Civil, Architectural & Environmental Engineering
This year’s Super Bowl ad lineup has a Rolla connection. Kevin Fahrenkrog, a 1988 Missouri S&T graduate, is featured in Anheuser-Busch InBev’s Super Bowl commercial for its Budweiser brand, and a nonprofit co-founded by alumnus Gary White is the subject of Stella Artois’ Super Bowl ad.Read More »
Missouri S&T doctoral student enlists drones to detect unexploded landmines through changes in plant health
From U.S. Navy laboratories to battlefields in Afghanistan, researchers are lining up to explore the use of unmanned aerial vehicles to detect unexploded landmines. At Missouri University of Science and Technology, civil engineering doctoral student Paul Manley is enlisting a third variable —plant health — to see if drones can be used to more safely […]Read More »
University of Missouri Curators approve Advanced Construction and Materials Laboratory at Missouri S&T
The University of Missouri System Board of Curators on Thursday approved a new $6.5 million lab at Missouri University of Science and Technology that is expected to position the university as a national leader in addressing the challenges of aging public infrastructure. The Advanced Construction and Materials Laboratory (ACML) will expand the High-bay Structures Laboratory in Butler-Carlton Civil Engineering Hall to provide 16,000 square feet of research space for developing and testing new construction materials and methods.Read More »
The new president-elect of the nation’s oldest engineering society will share her vision of the profession’s future in a Missouri University of Science and Technology guest lecture.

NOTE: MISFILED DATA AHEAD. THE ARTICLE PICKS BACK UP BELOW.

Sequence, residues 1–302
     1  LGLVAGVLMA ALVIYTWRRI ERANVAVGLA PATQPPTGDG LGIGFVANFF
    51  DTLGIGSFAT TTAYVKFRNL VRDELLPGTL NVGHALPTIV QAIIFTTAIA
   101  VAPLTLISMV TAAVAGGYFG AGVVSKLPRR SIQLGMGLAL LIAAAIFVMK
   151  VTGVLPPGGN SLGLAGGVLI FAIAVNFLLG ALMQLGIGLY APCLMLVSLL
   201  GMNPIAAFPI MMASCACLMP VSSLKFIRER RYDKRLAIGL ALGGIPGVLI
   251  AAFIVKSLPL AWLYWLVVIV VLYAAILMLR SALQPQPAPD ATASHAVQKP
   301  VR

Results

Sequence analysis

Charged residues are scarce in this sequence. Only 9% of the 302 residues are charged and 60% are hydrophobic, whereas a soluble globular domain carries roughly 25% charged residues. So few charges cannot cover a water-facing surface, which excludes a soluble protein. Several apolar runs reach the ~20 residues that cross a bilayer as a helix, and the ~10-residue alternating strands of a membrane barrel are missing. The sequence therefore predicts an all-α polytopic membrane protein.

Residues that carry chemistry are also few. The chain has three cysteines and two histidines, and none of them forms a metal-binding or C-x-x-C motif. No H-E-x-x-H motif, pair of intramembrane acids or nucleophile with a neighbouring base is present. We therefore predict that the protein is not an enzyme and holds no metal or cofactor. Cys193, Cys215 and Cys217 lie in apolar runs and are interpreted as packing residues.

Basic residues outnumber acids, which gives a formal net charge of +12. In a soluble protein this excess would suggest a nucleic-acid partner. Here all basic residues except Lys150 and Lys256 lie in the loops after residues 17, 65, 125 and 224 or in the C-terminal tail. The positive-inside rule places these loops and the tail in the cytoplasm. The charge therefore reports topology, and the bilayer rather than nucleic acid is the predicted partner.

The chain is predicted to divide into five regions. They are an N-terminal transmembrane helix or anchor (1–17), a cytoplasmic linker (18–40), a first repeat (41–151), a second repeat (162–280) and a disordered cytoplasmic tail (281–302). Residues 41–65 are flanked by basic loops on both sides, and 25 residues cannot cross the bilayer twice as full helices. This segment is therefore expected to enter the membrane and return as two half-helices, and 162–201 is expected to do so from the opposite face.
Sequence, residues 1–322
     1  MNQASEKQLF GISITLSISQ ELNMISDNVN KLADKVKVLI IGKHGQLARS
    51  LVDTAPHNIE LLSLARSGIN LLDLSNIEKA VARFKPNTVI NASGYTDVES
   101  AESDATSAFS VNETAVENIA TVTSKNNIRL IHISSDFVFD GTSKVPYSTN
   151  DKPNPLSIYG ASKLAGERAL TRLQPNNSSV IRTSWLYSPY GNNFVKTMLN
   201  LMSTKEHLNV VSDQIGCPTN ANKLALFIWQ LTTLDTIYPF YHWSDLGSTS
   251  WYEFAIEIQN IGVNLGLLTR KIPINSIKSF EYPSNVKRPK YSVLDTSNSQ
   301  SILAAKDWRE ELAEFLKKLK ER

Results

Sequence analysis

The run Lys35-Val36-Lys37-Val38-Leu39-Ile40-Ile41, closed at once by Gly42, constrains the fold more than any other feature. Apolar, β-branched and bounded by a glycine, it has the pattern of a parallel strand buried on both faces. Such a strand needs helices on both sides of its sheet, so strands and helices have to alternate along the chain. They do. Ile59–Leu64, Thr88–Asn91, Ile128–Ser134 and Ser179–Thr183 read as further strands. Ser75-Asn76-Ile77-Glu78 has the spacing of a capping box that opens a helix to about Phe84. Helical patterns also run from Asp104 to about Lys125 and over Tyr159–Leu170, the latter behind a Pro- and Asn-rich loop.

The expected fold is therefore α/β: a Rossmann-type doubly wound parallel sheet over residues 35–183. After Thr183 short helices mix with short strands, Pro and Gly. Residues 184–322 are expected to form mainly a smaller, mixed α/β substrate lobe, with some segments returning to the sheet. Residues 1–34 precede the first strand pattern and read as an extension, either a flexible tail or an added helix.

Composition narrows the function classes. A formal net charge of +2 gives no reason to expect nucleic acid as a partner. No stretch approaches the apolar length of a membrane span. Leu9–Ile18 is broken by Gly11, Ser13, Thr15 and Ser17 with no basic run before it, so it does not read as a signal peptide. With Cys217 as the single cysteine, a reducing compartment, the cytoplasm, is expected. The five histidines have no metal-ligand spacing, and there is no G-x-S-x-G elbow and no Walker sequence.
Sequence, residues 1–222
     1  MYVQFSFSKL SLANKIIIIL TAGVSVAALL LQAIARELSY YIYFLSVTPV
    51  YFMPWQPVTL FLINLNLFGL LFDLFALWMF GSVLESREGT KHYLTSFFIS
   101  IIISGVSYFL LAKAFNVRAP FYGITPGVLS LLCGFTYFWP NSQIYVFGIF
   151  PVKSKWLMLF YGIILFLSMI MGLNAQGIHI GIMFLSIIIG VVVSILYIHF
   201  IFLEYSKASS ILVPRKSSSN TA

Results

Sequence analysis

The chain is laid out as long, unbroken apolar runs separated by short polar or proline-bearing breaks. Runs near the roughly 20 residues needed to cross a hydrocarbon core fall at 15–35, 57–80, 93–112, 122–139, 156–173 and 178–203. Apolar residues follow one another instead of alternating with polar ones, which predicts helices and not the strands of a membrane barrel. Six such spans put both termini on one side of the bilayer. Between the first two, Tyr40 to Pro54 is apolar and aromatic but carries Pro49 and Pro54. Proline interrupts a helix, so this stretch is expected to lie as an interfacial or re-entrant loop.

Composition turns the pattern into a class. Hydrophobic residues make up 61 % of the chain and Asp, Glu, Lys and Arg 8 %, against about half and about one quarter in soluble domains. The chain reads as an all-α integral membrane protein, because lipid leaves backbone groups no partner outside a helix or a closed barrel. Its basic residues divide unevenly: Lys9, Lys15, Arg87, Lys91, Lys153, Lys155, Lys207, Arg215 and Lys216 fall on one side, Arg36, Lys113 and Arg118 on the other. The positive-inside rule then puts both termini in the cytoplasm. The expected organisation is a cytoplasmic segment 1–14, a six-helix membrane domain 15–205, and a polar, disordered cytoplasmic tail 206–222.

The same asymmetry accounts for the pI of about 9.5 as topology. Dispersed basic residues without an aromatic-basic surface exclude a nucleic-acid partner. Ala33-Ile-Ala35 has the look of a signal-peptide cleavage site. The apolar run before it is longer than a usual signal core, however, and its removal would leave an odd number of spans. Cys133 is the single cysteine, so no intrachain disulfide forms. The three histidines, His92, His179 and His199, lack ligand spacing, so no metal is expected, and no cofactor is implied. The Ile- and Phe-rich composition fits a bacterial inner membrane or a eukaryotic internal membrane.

Robin A. Kemper, a senior risk engineering consultant for Zurich Services Corp., will serve as president of the American Society of Civil Engineers starting in 2018. Her lecture, scheduled for 2 p.m. on Oct. 26 in 125 Butler-Carlton Civil Engineering Hall, is being hosted by the Missouri S&T Department of Civil, Architectural and Environmental Engineering.Read More »
Missouri S&T receives federal support for early-stage research into tapping “citizen scientists” to collect water quality data
Picture teams of smartphone-toting citizen scientists, poised to collect water samples and test for contaminants thanks to a user-friendly app that can crowdsource rapid responders to mobilize the next time a public water system is at risk.
Researchers from Missouri University of Science and Technology and the University of South Florida are tapping National Science Foundation seed money set aside for “potentially transformative research” to advance the technology and hone the social mobilization efforts needed to summon trained, trusted teams of everyday water watchers.
As a single mother paying her way through college, Stephanie Hall’s early lessons in hard work weren’t confined to Missouri S&T classrooms. By the time her still-groggy classmates arrived for 8 a.m. classes, Hall had already worked the 5 a.m. shift baking doughnuts at Kroger. After morning classes came lunch-hour waitressing gigs. Nights and weekends […]Read More »
Probiotics – or natural microbes – are believed to provide boost the human immune system and provide other health benefits. New research involving a Missouri University of Science and Technology professor indicates that microbes can also help remove pollutants from groundwater.Read More »
After nearly a decade of work, a small Guatemalan village can now count on clean drinking water thanks to a group of student volunteers from Missouri University of Science and Technology. The Missouri S&T student chapter of Engineers Without Borders (EWB) first traveled to Nahualate, Guatemala, in 2008 as part of a volunteer project to […]Read More »
One day, origami curtains may be a feature of many homes. The nature of the paper craft’s complex folding and cutting presents an almost limitless amount of shapes, textures and mechanical properties. Researchers at Missouri University of Science and Technology are exploring the potential of origami to control the amount of incoming light in a room and studying how the resulting light patterns could affect homeowners.Read More »